The CEO’s decision earned him praise and ridicule form across the business community.
Last year, Seattle-based Gravity Payments’ CEO Dan Price established a $70,000-a-year minimum wage at his company. The announcement earned him attention from Hollywood reality-TV producers, requests to study his radical experiment from Harvard Business School, and Rush Limbaugh branded him a socialist. So now that it’s been over six months, how did his experiment turn out?
First, let’s remember how it all started. Back in 2011, Price spotted a $35,000-a-year entry-level employee smoking a cigarette on break with a sour look on his face. Price asked what was wrong and he responded, “You’re ripping me off.” Taken aback because he believed he treated his employees fairly, Price responded, “Your pay is based on market rates. If you have different data, please let me know.” Then the employee uncharacteristically snapped back with, “You brag about how financially disciplined you are, but that just translates into me not making enough money to live a decent life.”
Distressed from the interaction, Price began to re-evaluate his employee compensation, “I was so scared about the recession that I was proactively, and proudly, hurting my staff.” So for the next three years, he began handing out 20% annual raises to all of his employees. Miraculously, in the first year, profits still outpaced wage growth with productivity up 30-40%. He did it again the next year and enjoyed similar results. Finally, this spring, he made a dramatic announcement to his staff: Over the next three years, Gravity will phase in a minimum wage of $70,000. Price then dramatically slashed his $1.1 million-a-year-salary down to $70,000. Once a cautious businessman, Price had been transformed into a warrior in the battle against income inequality.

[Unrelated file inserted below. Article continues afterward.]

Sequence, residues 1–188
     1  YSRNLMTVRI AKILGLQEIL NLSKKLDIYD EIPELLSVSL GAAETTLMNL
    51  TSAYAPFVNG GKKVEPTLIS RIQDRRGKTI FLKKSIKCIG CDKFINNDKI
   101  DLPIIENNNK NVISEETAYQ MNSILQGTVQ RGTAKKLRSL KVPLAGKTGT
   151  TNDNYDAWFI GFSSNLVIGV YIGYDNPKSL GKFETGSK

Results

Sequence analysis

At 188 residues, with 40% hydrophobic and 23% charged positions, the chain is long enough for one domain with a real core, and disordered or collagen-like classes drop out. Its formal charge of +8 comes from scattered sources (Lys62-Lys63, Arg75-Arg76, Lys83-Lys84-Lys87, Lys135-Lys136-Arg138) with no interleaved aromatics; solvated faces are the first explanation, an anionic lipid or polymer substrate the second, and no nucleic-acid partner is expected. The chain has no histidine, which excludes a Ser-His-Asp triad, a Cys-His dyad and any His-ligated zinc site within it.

Since his big announcement, customer inquiries ballooned from 30 per month to 200, drastically dropping the money spent on customer acquisition. Gravity now has an employee retention rate of 91% compared to the 68% usually found in the tech industry. Over the past six months, revenue is growing at double the previous year’s rate. Although Gravity did lose a few customers that were put off by what they saw as a political statement, overall, Gravity’s customer retention rate grew from 91% to 95%.
Going forward, Price sees this as a first step in reaching his ultimate goal, improving the business world. “I want the scorecard we have as business leaders to be not about money, but about purpose, impact, and service. I want those to be the things that we judge ourselves on.”